Right now our schools are closed and we are facing a national crisis that is exposing inequities in education like never before. Teachers are struggling to maintain relationships and engage students. Students are struggling to find the motivation and the resources to succeed. When this pandemic is over, schools will have to rebuild their communities, their relationships and readjust their expectations. To successfully rebuild authentic relationships, we must recognize the role race plays in our society, in our schools and in ourselves. And we must know how to talk about it.
Leaders from Rumi to Grace Lee Boggs to Whitney Houston have all reminded us that we can’t achieve love, liberation, or transformation externally without first loving, liberating, and transforming ourselves. We have to start by looking in the mirror, loving ourselves, and being the change we wish to see in the world.
When we as teachers teach by example, our students become more engaged and can witness the process at work. This simple assignment, meant to stretch my students, also challenged me. I reflected on my practice, and it helped our school level biases. When students have the agency to problem solve, it also opens the doors for us as teachers to lend to the process. When we think about the many ways to impact change in the daily educational experience, we often forget those voices who are being educated. When asked, my students thought critically about change and learned how to advocate in the process. Their voices were valuable in the conversation to improve education, instructional procedures, and operations.
“What will your students remember in five years?” was a question asked during one of our professional learning sessions with Transforming Education. Usually when you recall a memory, you associate it with a certain emotion - whether that is happiness, sadness, excitement, or anger. When building lessons for our novels this year, I wanted to focus on that question in my 7th grade English class. What will my students remember from this? What could I teach that would build a deeper connection to their own emotions? That is how I came up with this unexpected yet rewarding experience.
Young. Gifted. Black. I remember as a youth hearing others speak of me as an intellectual but completely rough around the edges. The truth was, I was a high risk student by all measures - I grew up in an impoverished one-parent household in a rough inner city neighborhood where some temptations swallowed other boys like me. I survived, but by all measures I probably shouldn’t be where I am today - excelling as a successful father, husband, and educator. How did I do it?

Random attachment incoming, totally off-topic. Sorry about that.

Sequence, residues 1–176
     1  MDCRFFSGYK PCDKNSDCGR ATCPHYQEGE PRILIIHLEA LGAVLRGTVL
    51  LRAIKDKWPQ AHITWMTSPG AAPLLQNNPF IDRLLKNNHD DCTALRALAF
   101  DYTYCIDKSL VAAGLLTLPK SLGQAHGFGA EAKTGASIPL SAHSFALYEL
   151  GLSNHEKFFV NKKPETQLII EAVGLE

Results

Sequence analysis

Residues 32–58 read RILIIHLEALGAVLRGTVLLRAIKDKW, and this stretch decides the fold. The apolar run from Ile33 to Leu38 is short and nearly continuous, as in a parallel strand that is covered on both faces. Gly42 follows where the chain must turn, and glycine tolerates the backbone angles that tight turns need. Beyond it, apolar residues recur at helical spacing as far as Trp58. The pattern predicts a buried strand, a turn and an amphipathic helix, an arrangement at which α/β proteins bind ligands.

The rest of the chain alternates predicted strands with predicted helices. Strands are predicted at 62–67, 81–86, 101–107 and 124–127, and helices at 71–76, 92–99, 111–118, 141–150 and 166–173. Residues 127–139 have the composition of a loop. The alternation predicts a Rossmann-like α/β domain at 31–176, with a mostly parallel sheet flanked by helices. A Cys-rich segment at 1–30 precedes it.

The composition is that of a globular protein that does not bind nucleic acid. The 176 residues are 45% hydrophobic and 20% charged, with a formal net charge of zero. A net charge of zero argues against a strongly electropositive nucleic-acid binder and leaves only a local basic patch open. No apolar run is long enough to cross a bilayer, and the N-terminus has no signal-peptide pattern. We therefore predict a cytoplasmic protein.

When educators make over 1,500 decisions on a daily basis, how do we ensure that these choices are consistently oriented toward the holistic development of each of our students? This is the question that our team at Detroit Prep and Detroit Achievement Academy sets out to answer each school year as we develop our annual goals.
Supporting our Trans, Non-binary, and Gender Non-Conforming Students through Mindfulness and an Anti-Oppression Framework
Jersey Cosantino, teacher and student of mindfulness studies, explores the ways that educators can offer mindfulness through an anti-oppression lens to our transgender, non-binary, and gender non-conforming students. By integrating mindfulness practice and anti-oppression work, educators can offer students an additional tool to build resilience and foster positive-emotional well being.
I think about growth mindset all the time, almost daily. The first time it reveals itself to me is in the morning when my twelve-year-old daughter asks me to braid her hair before school. You see, I’m not good at it. Usually I am rushing through the process because of the stress of weekday mornings and the fact that I know I’m not very good at it.
As a Black woman who grew up in Hartford, I know all too well the potentially fracturing effects of not teaching the Whole Child. I was mistakenly labeled as a special education student instead of having my social and emotional needs addressed. After discussions about my home life (being separated from my parents and siblings and placed in foster care), being taught social skills, ethics and coping mechanisms, I began to flourish...
This isn’t going to be polished, because the process of thinking through issues of equity is messy. This isn’t going to be definitive, because no one has all the answers, least of all me. And it isn’t going to be confident, because writing about this feels very risky. But it is going to be authentic and, to the degree possible, self-aware.